For instance, if we read I Am Malala against the grain (as I do here) we come face to face with vibrant cultures and societies, an abundance of strong-willed women, and kind, thoughtful men. The text reveals aspects of the Pashtun culture and its people; we learn about their hospitality, their oral traditions of poetry, their love for knowledge, the imperatives for kindness, and the beauty and precarity of mountain societies. There are incidences when the religion of Islam emerges as a source of generosity and peace. For instance, the only charities that stay behind to help local people after the earthquake in 2005 are local Muslim charities.
In I am Malala, we encounter women who shatter the trope of the victimised Muslim woman waiting for a saviour. From Malala’s namesake, the Malalai of Maiwand, who fought the British, and her great-grandmother, who “walked forty miles alone over mountains” in order to appeal for the release of her son, to the women of Spal Bandi “who had great freedom and were not hidden away,” we find evidence of women’s enactments of agency that are emergent within the constraints of socioeconomic and political structures.
These glimpses into the lives of Muslim women add complexity to, and work against, the narrative that reduces freedom to just ‘resistance’ against local practices. It would be simplistic to read these actions in broad strokes as moments of women’s empowerment and agency; yet, they do signal the possibility of differently constituted lives where empowerment and agency may or may not look the same as that proposed by Western liberal feminists. Here, women seem to be working to establish their rights within local frameworks and against domestic and global patriarchies.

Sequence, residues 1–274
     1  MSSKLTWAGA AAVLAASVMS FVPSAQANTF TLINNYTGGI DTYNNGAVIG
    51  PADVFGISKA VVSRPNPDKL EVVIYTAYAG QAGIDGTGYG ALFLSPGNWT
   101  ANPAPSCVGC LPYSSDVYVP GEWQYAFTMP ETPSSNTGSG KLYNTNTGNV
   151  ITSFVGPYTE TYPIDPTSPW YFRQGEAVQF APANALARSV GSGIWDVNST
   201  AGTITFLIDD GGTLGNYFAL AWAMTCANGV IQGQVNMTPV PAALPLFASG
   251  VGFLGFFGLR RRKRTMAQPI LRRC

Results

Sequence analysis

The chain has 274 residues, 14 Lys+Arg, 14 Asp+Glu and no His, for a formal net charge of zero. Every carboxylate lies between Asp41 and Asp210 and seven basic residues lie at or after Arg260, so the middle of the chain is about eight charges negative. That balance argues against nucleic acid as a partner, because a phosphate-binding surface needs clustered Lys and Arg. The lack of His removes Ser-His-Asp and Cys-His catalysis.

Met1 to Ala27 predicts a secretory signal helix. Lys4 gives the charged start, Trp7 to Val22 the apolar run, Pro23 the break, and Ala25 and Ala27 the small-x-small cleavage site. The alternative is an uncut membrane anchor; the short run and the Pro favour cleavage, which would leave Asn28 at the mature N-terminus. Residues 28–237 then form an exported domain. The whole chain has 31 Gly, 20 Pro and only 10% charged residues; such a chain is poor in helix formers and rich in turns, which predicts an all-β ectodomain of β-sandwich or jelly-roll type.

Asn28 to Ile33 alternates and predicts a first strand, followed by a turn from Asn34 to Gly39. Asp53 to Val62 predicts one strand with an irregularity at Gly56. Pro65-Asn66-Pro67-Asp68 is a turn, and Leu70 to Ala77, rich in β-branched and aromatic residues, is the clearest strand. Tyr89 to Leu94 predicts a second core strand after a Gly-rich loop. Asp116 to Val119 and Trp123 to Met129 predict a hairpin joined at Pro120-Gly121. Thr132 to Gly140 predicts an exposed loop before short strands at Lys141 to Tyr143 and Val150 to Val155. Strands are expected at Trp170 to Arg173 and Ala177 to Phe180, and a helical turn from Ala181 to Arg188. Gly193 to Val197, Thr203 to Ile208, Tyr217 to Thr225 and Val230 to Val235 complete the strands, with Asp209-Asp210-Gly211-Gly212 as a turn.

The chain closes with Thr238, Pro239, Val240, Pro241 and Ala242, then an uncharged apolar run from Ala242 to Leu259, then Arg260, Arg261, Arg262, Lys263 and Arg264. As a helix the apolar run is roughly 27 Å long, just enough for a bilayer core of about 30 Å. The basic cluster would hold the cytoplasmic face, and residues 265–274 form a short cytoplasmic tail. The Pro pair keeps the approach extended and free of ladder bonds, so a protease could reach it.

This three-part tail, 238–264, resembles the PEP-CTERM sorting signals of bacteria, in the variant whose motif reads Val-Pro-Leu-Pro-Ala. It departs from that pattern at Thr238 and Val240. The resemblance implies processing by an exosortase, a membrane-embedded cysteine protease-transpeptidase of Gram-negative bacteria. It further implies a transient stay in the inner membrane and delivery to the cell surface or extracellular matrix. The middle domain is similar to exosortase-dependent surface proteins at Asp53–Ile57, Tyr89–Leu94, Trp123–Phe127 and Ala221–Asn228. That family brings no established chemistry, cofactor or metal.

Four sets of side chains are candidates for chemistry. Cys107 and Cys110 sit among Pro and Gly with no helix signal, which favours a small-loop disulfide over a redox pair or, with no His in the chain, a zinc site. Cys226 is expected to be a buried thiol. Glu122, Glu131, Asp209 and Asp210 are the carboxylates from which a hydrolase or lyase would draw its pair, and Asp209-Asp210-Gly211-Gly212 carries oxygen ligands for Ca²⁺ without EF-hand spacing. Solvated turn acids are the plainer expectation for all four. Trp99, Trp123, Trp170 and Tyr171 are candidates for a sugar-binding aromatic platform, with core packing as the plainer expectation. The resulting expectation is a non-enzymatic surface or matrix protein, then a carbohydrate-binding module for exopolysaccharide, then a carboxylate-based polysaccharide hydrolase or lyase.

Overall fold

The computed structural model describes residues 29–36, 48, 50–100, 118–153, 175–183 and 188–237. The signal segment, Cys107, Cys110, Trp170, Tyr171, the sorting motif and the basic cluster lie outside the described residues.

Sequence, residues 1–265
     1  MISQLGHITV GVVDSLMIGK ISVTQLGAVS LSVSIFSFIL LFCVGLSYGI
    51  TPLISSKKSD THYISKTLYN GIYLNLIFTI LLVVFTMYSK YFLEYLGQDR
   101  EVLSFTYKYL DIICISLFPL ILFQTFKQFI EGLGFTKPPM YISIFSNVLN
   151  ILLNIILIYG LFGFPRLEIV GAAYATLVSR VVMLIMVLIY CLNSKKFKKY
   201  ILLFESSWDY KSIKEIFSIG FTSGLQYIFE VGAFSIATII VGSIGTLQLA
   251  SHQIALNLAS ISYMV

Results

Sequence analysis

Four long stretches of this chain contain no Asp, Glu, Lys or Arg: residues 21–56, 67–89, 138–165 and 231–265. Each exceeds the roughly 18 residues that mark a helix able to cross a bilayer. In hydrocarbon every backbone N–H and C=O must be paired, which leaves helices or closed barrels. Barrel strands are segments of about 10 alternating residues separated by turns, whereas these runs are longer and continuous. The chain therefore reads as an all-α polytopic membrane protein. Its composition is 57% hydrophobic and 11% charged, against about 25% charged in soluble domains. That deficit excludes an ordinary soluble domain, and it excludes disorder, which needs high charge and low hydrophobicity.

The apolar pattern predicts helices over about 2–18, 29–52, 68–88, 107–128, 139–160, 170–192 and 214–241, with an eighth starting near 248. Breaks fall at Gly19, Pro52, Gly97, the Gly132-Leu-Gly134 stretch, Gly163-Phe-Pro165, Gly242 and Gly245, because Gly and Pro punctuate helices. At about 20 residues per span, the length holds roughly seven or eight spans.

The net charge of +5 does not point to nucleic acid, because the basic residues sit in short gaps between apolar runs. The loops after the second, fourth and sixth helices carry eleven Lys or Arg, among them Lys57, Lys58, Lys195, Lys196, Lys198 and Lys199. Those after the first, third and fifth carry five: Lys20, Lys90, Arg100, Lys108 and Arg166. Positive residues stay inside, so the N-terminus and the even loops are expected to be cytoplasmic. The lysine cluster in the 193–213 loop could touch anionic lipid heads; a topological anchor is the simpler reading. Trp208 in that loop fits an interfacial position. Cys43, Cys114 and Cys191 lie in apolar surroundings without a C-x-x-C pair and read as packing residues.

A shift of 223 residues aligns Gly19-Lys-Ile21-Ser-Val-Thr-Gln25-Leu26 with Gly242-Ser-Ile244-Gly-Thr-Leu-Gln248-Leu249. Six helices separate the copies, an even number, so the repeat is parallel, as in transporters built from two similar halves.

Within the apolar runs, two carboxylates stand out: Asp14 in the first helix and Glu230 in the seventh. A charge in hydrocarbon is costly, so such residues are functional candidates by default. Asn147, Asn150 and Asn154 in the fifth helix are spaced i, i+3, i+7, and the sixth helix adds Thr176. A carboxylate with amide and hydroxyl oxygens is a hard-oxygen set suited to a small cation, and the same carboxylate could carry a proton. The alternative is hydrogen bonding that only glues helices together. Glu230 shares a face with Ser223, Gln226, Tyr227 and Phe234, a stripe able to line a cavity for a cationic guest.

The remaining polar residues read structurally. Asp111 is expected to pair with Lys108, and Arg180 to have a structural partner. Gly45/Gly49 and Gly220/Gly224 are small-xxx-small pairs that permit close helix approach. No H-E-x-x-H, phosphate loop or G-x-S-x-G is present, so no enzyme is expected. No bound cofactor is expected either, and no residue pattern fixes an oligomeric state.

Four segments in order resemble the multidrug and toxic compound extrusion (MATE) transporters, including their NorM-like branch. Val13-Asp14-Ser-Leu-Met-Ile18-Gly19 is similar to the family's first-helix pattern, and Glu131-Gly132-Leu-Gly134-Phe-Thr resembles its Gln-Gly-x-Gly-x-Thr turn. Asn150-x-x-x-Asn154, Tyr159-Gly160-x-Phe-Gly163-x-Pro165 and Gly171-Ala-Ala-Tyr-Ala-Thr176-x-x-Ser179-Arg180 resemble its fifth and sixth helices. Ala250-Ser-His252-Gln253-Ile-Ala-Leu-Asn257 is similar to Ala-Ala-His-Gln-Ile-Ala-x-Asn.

We also come across a wide range of kind, thoughtful, and intelligent Muslim men who work for the betterment of their communities, including contesting the advances of the local Taliban-inspired militants. Figures such as Malala’s father, Ziauddin Yousafzai (an activist), Jehan Yousafzai (Zaiuddin’s cousin who brought a gift on Malala’s birth), Uncle Dada (a conscientious teacher), Nasir Pacha (a stranger who helped Ziauddin complete his college education), Akbar Khan (Ziauddin’s mentor), Usman Bhai Jan (the beloved school-bus driver), and Dr Javid (the Pakistani-British doctor who arranged Malala’s hospitalisation in the United Kingdom) all strike at the heart of the ahistoricised and decontextualised figure of the violent, brown, Muslim man.
The key Taliban characters in the book, Fazlullah, Sufi Mohammad, and the mufti who tried to close Ziauddin’s school, are viewed as an irregularity, and their actions are contested by local men and women. Indeed, the challenge to Fazlullah comes from within the community—the Pashtuns called their assembly of elders to oppose him, and those who viewed him favorably earlier retracted their support when his initiatives did not align with their sensibilities. Challenges to Fazlullah’s militancy were also featured prominently in the local media.
Malala, the person, has spoken out against drone strikes in her meeting with President Obama; she has called for the rights of Palestinian girls; she has spoken out against the bombing in Afghanistan and the atrocities in Kashmir; and raised her voice for the betterment of refugees.
Hence, the critique of Malala must make the distinction between how she is represented and what those representations do to imaginations about Muslims, Pakistanis, girls, etc., and Malala the person. Malala the person has, thus far, shown remarkable grace and acute knowledge of local cultures, and deserves to be treated with respect.
This piece was first published in The Express Tribune on May 24 2017 and is posted with the Author’s permission.
About the Author
Dr. Shenila Khoja-Moolji researches and writes about gender, youth, and international development. Her academic articles are available here. Follow her on Twitter @SKhojaMoolji